Indeed, the best thing about the recent actions from the Vatican is that it reminds me how glad I am that the English Church experienced the Reformation in the 1500s, and that bad old Henry VIII may have done us a favor.


  1. Father,

    I think time will tell. Perhaps reports in certain circles about the collapse of the Anglican Communion are premature, but it's hard not to view the current Covenant as both a break with tradition and a collaboration (with all the associations that word entails) with the spirit of the age.


  2. It seems to me there is a bit of hyperbole in Fr. Jones' blog on the Vatican's recent invitation to the Anglican Communion. To begin with, I have doubts that what Benedict is doing is in any way inconsistent with Vatican II or Cardinal Kaspar as he presently is addressing the issues. Although Vatican II did specifically embrace and announce more publicly the role of the laity in the Catholic Church--and various changes in liturgy flowed from that--I pause at any idea it served to undercut the pontiff's authority, especially in the Latin Rite Church. I also don't recall that Vatican II spoke of conciliarism as the new way to go, although it did reinforce traditional roles of bishops being the shepards of their flocks--still responsible to the archbishop and the Vatican though--certianly on matters of teaching the faith and morals.

    Bringing back Latin as an option does not a new arbitrary rule make. It is not a binding pronouncement and if it does serve to placate some of the Catholic members who miss the Tridentine Missal, I get the feeling he is not unhappy with that as he wants to see more of the flock return to Rome. Should not all pontiffs desire "that they be one" if they are true to their calling as the successor of Peter?

    The Jewish question is fraught with so much baggage--much of it media loaded--that it is a trap for many an unwary person. Even with the Latin mass restored, the Vatican has worked long and hard with our Jewish brethren in this regard and that issue has been (mostly) smoothed over--or at least to the satisfaction of the press. Oh well, at the end of the day, I don't think it will make much of a difference to either Anglicans or Catholics. The question really boils down to what TEC wants to do (in this country). Does she wish to enter the Covenant arrangement? Does she want to go it alone and embrace her more Protestant side (but with the trappings of Catholic hierarchy and theology--but only to a point)? It will be interesting to see what happens.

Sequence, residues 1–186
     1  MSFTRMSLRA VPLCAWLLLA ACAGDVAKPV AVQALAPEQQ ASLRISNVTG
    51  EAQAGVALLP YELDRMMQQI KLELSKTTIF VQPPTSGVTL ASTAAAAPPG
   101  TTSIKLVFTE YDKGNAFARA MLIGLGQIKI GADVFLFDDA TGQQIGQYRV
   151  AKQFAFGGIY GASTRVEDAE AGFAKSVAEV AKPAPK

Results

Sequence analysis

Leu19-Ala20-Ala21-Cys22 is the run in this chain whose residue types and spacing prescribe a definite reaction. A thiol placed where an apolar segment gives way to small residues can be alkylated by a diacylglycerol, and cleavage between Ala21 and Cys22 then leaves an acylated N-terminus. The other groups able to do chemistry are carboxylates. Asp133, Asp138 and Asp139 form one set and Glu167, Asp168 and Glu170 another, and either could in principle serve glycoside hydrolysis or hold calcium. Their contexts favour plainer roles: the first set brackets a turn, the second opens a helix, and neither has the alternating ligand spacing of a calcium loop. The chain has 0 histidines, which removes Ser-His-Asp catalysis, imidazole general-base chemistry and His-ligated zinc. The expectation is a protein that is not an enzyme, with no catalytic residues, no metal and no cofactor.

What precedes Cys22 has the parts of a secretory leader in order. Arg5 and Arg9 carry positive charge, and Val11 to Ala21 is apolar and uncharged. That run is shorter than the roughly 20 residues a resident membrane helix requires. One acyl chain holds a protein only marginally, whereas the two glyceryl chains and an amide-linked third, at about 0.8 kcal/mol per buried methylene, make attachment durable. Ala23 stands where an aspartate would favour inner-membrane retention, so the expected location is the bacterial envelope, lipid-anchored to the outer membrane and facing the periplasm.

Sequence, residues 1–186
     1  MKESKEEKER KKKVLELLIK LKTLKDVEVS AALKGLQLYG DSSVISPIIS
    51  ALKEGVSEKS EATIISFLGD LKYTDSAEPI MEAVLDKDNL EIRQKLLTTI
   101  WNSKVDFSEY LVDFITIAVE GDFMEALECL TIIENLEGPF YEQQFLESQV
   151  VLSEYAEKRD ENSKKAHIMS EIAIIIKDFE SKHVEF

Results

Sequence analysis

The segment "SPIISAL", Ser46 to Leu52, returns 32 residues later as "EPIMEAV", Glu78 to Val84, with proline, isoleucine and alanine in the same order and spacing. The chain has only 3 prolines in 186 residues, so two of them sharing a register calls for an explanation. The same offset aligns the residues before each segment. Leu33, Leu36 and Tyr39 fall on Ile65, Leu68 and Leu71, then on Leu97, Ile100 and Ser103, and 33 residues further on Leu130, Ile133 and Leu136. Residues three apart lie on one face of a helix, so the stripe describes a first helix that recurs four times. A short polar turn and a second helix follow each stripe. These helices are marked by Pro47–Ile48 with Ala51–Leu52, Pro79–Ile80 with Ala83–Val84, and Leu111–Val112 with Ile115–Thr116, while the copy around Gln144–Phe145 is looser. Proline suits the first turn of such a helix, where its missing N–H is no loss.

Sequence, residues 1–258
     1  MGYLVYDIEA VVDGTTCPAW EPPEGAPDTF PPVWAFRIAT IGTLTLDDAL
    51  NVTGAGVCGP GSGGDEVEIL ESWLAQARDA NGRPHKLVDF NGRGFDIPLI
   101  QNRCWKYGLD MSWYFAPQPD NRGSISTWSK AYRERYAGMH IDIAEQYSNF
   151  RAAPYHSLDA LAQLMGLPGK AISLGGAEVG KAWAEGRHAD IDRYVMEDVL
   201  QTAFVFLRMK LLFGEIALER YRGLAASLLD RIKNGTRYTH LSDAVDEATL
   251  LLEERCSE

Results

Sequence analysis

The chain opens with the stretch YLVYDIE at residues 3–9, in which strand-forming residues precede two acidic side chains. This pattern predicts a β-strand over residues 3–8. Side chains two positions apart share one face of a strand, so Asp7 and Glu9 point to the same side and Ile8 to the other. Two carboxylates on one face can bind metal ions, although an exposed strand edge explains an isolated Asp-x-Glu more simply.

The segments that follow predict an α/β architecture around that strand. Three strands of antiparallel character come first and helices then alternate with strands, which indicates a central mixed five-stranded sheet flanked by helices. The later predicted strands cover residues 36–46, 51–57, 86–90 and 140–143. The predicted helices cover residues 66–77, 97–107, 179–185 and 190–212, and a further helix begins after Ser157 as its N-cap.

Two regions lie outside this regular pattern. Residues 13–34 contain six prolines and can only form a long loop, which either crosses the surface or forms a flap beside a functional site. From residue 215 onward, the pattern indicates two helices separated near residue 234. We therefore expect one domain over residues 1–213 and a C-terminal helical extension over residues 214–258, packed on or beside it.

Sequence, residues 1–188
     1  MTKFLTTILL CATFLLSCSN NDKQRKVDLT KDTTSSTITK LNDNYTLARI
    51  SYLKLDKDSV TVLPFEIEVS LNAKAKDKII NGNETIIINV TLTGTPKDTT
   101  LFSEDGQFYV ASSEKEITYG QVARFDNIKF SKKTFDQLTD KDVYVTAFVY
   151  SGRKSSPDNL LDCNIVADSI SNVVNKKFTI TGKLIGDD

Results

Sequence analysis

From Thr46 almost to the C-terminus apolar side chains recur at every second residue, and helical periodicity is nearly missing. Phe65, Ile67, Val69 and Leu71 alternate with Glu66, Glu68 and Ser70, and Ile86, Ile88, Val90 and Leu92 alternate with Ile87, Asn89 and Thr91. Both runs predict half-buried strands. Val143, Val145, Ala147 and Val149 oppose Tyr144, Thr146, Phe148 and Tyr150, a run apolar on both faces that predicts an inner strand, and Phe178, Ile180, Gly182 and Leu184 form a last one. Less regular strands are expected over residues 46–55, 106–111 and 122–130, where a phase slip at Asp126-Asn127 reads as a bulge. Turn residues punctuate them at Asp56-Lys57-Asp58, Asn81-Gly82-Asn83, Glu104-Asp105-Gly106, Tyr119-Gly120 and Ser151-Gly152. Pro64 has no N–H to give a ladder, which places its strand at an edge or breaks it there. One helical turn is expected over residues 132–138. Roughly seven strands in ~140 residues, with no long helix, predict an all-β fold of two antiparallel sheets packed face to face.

3. My take on this entire subject is that this has nothing to do with Roman hierarchy or Roman theology and everything to do with pilfering TEC flock. The hubris exposed by the mere tactics at what happened are shocking. If I were a Roman Catholic (which I am not), I would be aghast at my church for employing a rabbit-punch ethic in extending a supposed hand to those disenfranchised TEC'ers.

    Let's not forget to whom they are attempting to appeal: The extreme fundamentalists from with TEC. Some on here may refer to them with kinder words or more generalized references, but that is who they are.

    Second, let's not for a minute suppose that the Holy See, in so doing, has moved in any conciliatory direction whatsoever; it hasn't.

    Third, let not forget that there (was) an ongoing and what I thought very productive dialogue as between Rome and the Anglicans. Even Rome seems to have been surprised by this move.

    Finally, if the Roman Catholic church is interested in moving toward a more people-friendly and welcoming communion, it must first remove the shackles of fundamentalism and reacquaint itself with a social gospel (starting first with the removal of its most insane theological stance with respect to sub-Saharan Africa and condom use/HIV prevention).

    Sorry to sound so harsh, but this truly is bewildering and anyone who tries to dismiss it as this or that based upon innocuous theological reasoning is merely dizzy from Rome's hyperbole.

  4. Centrist is onto something. It makes sense that Benedict is acting out of a larger movement that predates the current tempest in the Anglican teapot. It makes sense that Benedict doesn't understand what he is messing with but instead glosses every complication -- like the impact had on current RC converts from Anglicanism by allowing this new wave of married clergy under Anglican uses into Roman orders en masse -- with the brush of non-collegial/papal authority. It makes sense that another shoe or two will drop with papal presumptions as the active principle.
    Yours are good insights worthy of extended consideration.